DAR ES SALAAM, Aug. 20 (Xinhua) -- Tanzanian authorities said on Saturday the country was losing millions of U.S. dollars due to lack of surveillance boats and weak maritime governance in the Indian Ocean and other water bodies.
Harrison Mwakyembe, the Minister for Justice and Constitutional Affairs, said Tanzanian waters in the Indian Ocean were exposed to illegal fishing, illicit flow of imports and exports of fish products and toxic dumping conducted by giant foreign companies.
He said these problems remained persistent despite the country being a member of the International Maritime Organization (IMO), a United Nation's organ dealing with maritime matters.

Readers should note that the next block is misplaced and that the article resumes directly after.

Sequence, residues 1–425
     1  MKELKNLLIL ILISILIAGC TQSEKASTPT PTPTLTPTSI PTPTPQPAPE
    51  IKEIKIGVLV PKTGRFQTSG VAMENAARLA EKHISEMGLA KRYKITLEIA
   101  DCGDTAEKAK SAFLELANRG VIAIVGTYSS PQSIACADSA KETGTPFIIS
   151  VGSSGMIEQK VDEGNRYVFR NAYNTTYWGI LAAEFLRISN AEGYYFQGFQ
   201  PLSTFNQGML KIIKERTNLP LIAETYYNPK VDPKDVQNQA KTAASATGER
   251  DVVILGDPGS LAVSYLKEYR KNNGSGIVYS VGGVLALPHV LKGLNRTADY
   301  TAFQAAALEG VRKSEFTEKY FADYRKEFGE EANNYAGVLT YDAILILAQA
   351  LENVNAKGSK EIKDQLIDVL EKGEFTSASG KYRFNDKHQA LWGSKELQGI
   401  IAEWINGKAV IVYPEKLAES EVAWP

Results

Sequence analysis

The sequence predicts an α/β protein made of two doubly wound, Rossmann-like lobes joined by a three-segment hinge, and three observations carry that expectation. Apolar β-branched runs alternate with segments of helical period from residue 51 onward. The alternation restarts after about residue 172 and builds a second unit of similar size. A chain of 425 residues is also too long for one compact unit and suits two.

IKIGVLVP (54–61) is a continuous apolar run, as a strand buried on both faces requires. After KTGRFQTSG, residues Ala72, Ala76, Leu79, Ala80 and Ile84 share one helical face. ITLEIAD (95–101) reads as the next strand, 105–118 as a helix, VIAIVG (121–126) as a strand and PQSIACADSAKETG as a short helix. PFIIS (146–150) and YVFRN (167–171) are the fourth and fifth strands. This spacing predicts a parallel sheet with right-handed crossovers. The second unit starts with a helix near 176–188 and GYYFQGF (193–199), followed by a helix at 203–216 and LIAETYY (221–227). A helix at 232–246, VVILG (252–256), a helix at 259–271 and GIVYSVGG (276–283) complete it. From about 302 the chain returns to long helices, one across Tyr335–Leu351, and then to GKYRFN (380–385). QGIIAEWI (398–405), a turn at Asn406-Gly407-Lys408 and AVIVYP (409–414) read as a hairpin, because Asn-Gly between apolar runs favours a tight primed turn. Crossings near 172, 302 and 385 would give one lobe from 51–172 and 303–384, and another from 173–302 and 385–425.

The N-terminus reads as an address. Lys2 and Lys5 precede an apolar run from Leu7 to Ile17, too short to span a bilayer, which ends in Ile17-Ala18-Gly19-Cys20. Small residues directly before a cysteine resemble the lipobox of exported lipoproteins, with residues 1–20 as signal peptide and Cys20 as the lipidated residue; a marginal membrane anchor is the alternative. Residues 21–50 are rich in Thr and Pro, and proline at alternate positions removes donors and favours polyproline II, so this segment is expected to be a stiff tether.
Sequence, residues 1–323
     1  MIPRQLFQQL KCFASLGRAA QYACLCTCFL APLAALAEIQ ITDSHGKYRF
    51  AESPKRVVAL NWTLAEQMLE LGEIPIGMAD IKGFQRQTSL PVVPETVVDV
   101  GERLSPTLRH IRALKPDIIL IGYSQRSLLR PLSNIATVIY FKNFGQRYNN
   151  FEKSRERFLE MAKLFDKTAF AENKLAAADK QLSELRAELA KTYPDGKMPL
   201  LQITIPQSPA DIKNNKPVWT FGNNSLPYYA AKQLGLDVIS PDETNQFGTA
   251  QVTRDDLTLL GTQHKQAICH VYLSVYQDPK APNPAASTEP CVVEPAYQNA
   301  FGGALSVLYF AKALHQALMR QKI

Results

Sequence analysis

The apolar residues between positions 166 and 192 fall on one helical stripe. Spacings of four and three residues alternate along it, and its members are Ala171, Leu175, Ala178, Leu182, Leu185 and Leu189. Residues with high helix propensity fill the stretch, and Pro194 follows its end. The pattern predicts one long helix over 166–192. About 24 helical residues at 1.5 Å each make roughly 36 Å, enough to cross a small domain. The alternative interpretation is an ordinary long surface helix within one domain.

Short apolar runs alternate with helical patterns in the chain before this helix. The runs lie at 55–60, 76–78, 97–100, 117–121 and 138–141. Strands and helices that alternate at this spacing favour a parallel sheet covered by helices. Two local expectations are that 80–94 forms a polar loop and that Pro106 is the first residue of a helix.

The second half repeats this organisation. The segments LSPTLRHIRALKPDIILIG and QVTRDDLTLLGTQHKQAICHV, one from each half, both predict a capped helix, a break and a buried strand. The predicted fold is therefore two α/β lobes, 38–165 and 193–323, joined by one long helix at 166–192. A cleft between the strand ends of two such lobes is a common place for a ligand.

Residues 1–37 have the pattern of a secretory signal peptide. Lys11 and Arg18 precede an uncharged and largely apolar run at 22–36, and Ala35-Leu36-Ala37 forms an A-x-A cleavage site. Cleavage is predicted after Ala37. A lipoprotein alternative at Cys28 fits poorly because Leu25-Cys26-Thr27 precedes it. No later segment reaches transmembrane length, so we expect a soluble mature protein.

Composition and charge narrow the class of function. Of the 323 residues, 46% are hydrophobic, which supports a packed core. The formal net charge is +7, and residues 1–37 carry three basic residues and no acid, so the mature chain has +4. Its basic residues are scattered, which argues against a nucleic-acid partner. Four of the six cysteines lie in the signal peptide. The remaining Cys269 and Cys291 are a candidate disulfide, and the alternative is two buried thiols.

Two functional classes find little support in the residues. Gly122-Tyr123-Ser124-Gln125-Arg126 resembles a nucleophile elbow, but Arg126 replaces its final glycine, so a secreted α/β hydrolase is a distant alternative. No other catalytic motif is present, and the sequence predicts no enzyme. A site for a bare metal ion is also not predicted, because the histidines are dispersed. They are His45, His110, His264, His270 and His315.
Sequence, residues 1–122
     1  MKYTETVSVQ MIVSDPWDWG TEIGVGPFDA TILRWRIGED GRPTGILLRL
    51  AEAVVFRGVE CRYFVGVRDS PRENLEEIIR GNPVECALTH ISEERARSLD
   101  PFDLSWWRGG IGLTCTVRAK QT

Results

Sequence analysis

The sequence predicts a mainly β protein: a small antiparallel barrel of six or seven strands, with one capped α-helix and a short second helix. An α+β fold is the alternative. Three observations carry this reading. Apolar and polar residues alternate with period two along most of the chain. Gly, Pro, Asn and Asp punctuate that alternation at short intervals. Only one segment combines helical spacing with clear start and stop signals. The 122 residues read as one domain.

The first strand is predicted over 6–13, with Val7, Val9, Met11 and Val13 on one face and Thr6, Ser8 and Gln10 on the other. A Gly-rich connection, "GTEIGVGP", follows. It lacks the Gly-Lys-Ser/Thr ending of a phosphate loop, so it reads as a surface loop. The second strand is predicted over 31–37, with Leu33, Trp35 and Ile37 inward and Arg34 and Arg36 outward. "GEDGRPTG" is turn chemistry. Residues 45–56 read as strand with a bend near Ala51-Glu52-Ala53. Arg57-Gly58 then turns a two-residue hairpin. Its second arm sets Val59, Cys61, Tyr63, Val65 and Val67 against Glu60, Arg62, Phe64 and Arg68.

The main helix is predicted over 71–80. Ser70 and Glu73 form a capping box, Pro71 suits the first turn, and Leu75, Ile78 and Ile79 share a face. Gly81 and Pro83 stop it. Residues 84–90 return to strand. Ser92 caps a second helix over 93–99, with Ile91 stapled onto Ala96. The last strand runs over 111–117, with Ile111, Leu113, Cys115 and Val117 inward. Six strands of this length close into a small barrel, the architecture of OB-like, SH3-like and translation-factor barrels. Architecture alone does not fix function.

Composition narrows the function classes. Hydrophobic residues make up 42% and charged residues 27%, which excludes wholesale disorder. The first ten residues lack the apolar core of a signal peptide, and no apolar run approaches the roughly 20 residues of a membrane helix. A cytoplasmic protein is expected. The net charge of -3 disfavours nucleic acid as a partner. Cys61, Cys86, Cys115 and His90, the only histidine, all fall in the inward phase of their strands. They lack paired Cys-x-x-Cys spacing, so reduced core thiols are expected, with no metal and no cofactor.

The minister was inaugurating a newly established Maritime Law Association of Tanzania (MLAT) in the commercial capital Dar es Salaam.
However, Mwakyembe did not reveal the exact amount the country was losing from illegal fishing caused by lack of patrol boats.
He appealed to the private sector to intervene, saying their current participation in marine resources participation was minimal.
"The government needs the support of the private sector and professional bodies like MLAT," said Mwakyembe.
He said all major economies of the world have formed Maritime Law Associations and they have been registered under the Committee of Maritime International (CMI) established since 1897 as an umbrella organ for the associations.
He added that their major role was, among other things, to promote the study and the advancement of maritime and mercantile law.
Ibrahim Bendera, MALT acting president, said the association will assist the government to improve and appropriately develop maritime laws and help the courts in handling maritime cases.